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Limo Safety Bills Signed into Law in NY

Governor Andrew Cuomo has signed a package of limousine safety bills into law, intended to deal with a series of fatal crashes on Long Island and across the state that resulted in calls to address the problem. The laws specifically address the issue of rented stretch limos, which are commonly hired for formal events like proms, weddings and bar mitzvahs, among other similar events. The hope is that the new measures will reduce the number of fatalities caused by limo crashes every year.… Read the rest

Nearly Three Quarters of Nursing Homes Are Understaffed

A recent study in the Journal of Health Affairs has estimated that as much as 75% of all nursing homes are significantly understaffed. The study compared the number of registered nurses (RNs), licensed practical nurses (LPNs) and nurse aides to the staffing requirements set forth by the Center for Medicare and Medicaid Services (CMS). What they found was that many nursing homes fell well below CMS requirements, often inflating their staffing numbers in government reports to save on their operational costs.… Read the rest

Practice Fusion Pays $145 Million Settlement for Opioid Kickback Scheme

The United States Department of Justice (DOJ) has announced a $145 million settlement with Practice Fusion, a company that furnished software used for keeping electronic health records (EHRs). The settlement describes a scheme in which Practice Fusion’s software would encourage doctors to prescribe more opioids, which in turn would earn them a kickback from a pharmaceutical company. The pharmaceutical company involved was not named in the settlement.… Read the rest

Study Find Sepsis to Be Leading Cause of Death in Hospitals

According to a new study in the medical journal The Lancet, sepsis is the leading cause of death in hospitals in the United States, and also one of the leading causes of death worldwide. By their estimates, a full fifth of all deaths in 2017 were related to sepsis, with incidence rates being particularly high in sub-Saharan Africa, Oceania, and south, east and southeast Asia. Although the overall rate of sepsis has fallen in the United States, it remains the single largest health risk patients face in hospitals.… Read the rest

Pain and Suffering Claims Reinstated in Nursing Home Malpractice Case

The First Circuit Court of Appeals has reinstated a plaintiff’s pre-mortem pain and suffering claim that was initially dismissed by the district court. The claim is part of a 2014 case involving a woman who had been transferred to a New York City nursing home after hospitalization for severe respiratory distress and pneumonia, where she eventually died of cardiac arrest due to severe septic shock. The claim is dependent on evidence of the decedent’s mental state prior to her death.… Read the rest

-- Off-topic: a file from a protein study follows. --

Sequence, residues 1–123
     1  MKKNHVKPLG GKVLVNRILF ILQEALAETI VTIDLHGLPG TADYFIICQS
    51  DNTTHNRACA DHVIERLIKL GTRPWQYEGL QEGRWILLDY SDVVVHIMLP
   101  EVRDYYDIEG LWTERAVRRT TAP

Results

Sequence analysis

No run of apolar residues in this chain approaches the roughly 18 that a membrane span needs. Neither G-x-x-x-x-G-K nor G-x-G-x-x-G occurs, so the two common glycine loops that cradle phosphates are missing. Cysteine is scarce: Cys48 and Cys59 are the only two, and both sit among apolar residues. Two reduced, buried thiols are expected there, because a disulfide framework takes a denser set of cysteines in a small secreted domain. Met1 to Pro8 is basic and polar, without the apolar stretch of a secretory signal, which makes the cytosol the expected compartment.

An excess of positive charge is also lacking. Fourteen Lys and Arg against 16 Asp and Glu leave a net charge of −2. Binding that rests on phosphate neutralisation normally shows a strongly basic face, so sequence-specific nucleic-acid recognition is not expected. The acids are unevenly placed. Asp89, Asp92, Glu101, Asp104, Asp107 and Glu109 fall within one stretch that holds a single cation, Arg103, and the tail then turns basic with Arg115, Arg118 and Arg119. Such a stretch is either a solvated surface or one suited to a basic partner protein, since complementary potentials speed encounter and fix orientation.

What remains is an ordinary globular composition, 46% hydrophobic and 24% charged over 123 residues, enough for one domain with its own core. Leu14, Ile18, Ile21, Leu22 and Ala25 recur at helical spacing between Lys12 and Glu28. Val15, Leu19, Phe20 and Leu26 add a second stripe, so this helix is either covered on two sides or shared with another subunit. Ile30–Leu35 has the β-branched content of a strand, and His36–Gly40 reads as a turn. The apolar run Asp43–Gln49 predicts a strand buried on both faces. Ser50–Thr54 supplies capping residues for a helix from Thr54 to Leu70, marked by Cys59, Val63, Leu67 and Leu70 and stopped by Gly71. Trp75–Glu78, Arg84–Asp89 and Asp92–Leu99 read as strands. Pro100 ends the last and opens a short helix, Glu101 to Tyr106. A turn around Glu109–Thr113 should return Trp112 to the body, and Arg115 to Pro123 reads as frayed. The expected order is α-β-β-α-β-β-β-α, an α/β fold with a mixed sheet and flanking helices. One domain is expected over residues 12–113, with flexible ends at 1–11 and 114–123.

Doctor Pleads Guilty to Illegal Distribution of Opioids Resulting in Overdose

A doctor in Manhattan pleaded guilty early in December to illegally distributing fentanyl and oxycodone to patients who did not medically require it. As a result, at least one of his patients is dead from an overdose, having been prescribed hundreds of times the amount of oxycodone generally prescribed for medical purposes. The doctor, who worked for a major Manhattan hospital, will be sentenced in March, and faces a maximum of twenty years in prison.

Opioid addiction has become an increasingly common problem throughout the United States, with many who become addicted dying from an overdose. While this spread of … Read the rest

New Report Shows FDA Failed to Adequately Address Opioid Crisis

A new report by researchers at Johns Hopkins University shows that the Food and Drug Administration (FDA) failed to adequately address the opioid epidemic that has caused enormous suffering throughout the United States. The documents show the FDA failed to appropriately conduct oversight of the pharmaceutical industry and did not adequately train doctors to handle opioids and the associated risk of addiction. These failures contributed to the rise of opioid addiction in the United States, which kills around 72,000 people per year.… Read the rest

PG&E Settles Wildfire Lawsuits for $13.5 Billion

PG&E Corp., one of the largest utility providers in the country, has settled numerous lawsuits related to wildfires allegedly caused by its faulty equipment. The lawsuits arose around so-called “jumper cables,” which have been found to have a high likelihood of breaking or malfunctioning, which have resulted in at least 22 wildfires between 2017 and 2018. A federal judge has approved a settlement for these wildfire suits, resulting in a payout of $13.5 billion to victims, in the form of both cash and PG&E stock.… Read the rest

Congress Passes Law Allowing Military to Sue for Malpractice

In the 1950s, the United States Supreme Court ruled in Feres v. U.S. that active duty members of the military couldn’t sue the government for negligent acts committed by other members of the armed forces, including medical malpractice claims. The Feres doctrine has been in place for close to 70 years, and in that time, it has received much criticism, even as it has remained the law of the land. However, due to the activism of one sergeant, that is set to change.… Read the rest

How to Identify Nursing Home Abuse and Neglect

When people place their loved ones in the care of a nursing home, they do so with the hope and expectation that their loved ones will be properly cared for. Indeed, the law requires that nursing homes provide their residents with a level of care that will safeguard their health and make them as comfortable as possible. However, not every nursing home meets this standard, and it is essential that you recognize the possible signs that your loved one is suffering from nursing home abuse or neglect.… Read the rest